5. Scatter sparingly on top of the tarts and top with a few dainty leaves of mint.



Blackcurrant Bakewell Macaroons

I’ve been making a lot of macaroons recently….perfecting the skill you might say! These were without doubt the lightest batch I’ve made to date and the super sweet blackcurrant puree (see here) which I made was to die for with the creamy but punchy almond buttercream filling. Sandwiched lovingly between two girly pillows these taste like a mouthful of bakewell tart! Feel free to use a cherry or raspberry jam for a more traditional ‘bakewell’ flavour however.

For me, the excitement of macaroons comes in the endless combinations of flavours but I love taking a traditional dessert recipe and deconstructing it into a light macaroon in an ‘amuse bouche’ style! The possibilites are endless….pecan pie, treacle tart, creme brule macaroons perhaps?

Macaroon Shells

  • 60g egg whites (about 2 eggs)
  • 40g caster sugar
  • 50g ground almonds
  • 110g icing sugar
  • Red food colouring

Filling- Almond Buttercream

  • 80g butter, softened
  • 80g icing sugar
  • Up to 1 tsp almond essence (or to taste)
  • Blackcurrant/cherry/strawberry jam
  • Yellow food colouring (optional)
  1. Preheat the oven to 170°C and line a baking tray with parchment.
  2. Blend the ground almonds and icing sugar together in a food processor until fine and then sieve into a bowl.
  3. In another bowl, whisk the egg whites until soft peaks form, then add the caster sugar a spoon at a time until glossy stiff peaks form. Briefly whisk in a good splash of red food colouring.
  4. Fold in 1/3 of the almond mixture to loosen it. Then fold in the rest, being gentle not to knock the air out.
  5. Spoon into a pipping bag with a round ended nozzle and pipe consistent circles of mixture evenly. Give the tray a sharp slap on the surface to level the mixture and leave for 20 minutes, uncovered to form a skin.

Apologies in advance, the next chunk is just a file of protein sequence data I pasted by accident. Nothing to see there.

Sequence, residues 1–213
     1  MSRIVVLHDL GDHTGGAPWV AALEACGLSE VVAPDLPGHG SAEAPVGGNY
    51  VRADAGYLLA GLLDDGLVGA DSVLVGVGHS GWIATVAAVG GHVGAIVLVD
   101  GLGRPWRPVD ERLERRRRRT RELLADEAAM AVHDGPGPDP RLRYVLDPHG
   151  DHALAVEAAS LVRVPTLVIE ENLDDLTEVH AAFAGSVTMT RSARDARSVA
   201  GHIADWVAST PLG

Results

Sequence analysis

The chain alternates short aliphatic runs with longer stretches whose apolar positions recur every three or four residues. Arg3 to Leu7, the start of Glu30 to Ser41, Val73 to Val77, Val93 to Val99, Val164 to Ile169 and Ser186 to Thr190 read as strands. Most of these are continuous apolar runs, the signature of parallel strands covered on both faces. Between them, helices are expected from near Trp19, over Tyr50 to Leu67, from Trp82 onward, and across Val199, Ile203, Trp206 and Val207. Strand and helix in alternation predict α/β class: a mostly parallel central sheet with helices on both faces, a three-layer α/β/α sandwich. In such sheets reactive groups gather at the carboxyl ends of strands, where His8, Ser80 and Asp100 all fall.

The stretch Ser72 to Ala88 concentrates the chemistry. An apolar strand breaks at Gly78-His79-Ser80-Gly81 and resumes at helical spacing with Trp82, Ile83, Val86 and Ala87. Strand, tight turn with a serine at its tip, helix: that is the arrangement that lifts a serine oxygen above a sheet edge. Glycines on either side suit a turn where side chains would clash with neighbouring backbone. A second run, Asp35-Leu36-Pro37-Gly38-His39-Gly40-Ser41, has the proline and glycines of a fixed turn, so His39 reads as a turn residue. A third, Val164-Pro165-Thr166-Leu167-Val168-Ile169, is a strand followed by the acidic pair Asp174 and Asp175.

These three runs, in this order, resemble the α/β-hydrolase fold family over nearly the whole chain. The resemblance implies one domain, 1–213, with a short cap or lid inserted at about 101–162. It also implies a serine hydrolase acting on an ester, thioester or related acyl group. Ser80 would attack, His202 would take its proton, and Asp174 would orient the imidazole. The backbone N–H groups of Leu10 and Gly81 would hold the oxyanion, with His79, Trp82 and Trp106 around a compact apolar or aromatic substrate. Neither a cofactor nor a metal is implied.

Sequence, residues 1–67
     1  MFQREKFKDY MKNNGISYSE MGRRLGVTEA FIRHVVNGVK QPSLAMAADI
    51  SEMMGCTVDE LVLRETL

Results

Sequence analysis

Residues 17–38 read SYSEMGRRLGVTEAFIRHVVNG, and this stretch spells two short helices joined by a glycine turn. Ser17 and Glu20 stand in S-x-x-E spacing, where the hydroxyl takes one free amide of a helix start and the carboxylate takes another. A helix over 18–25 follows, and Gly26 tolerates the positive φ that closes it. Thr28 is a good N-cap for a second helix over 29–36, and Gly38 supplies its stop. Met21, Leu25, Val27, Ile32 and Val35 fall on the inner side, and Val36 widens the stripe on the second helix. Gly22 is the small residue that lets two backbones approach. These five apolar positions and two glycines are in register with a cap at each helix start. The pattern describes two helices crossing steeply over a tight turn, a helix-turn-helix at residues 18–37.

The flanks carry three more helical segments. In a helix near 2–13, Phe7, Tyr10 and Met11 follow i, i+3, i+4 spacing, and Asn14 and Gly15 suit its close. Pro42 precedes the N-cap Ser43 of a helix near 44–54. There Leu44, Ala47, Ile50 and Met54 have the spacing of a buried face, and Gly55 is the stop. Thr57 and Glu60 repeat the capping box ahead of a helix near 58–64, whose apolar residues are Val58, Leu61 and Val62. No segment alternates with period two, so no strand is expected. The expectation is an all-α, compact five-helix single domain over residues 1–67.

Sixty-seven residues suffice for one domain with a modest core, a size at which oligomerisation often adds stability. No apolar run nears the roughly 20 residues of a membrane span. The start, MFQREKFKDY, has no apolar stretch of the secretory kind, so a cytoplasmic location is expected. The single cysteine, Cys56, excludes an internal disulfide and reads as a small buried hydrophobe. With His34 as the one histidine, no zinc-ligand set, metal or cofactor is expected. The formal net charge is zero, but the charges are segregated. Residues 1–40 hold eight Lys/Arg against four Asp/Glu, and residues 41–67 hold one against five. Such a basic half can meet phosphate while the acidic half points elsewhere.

6. Bake for about 12 minutes. They are ready when they come away easily from the tray. Leave to cool.
  7. Combine the butter, icing sugar and almond essence in a food processor or a bowl until smooth and combined. Add a splash of yellow food colouring if you like- the bright yellow colour can look great with the red shells. Spoon into a piping bag.
  8. Pipe some of the buttercream onto a macaroon shell half and top with about ¼ tsp of jam. Sandwich together with another empty macaroon half, squeezing together gently but not so the jam oozes out too much. Enjoy!

NOTE: I didn’t (as I ran out of icing sugar) but for authentic decoration, make up some thick wet icing with icing sugar and a tiny splash of cold water and spoon into a piping bag. Snip off the end and pipe some lines on the macaroons on the outside like a bakewell tart.


Amaretto Cake with Roasted Figs



This should really be called ‘booze cake with roasted fruits’ as really it is open to any of your favourite tipples and topped with any complementing fruit. In my recent craving to make a polenta cake and my mum’s imminent birthday, I ended up combining these two irresistible forces and making this amaretto soaked ‘pudding cake’. Courtesy of ‘Vogue Entertaining and Travel’ who’s magazines offer not only fantastic food porn photography but some great original recipes, I replaced masarala for amaretto and it was a huge success! There was also added relief as if you notice, it is in fact egg-less……but yes it sets and eats like a dream! Who’d have thought!?

Makes one large cake (Adapted from ‘Vogue Entertaining and Travel’)

  • 300g self raising flour
  • 110g polenta
  • 60g ground almonds
  • ½ tsp bicarbonate of soda
  • 125g butter, chopped
  • 220g caster sugar
  • 300g soured cream
  • 250ml amaretto (or masala or another booze)
  • 4 large figs
  1. Preheat the oven to 170°C and grease and line a 26cm spring form cake tin.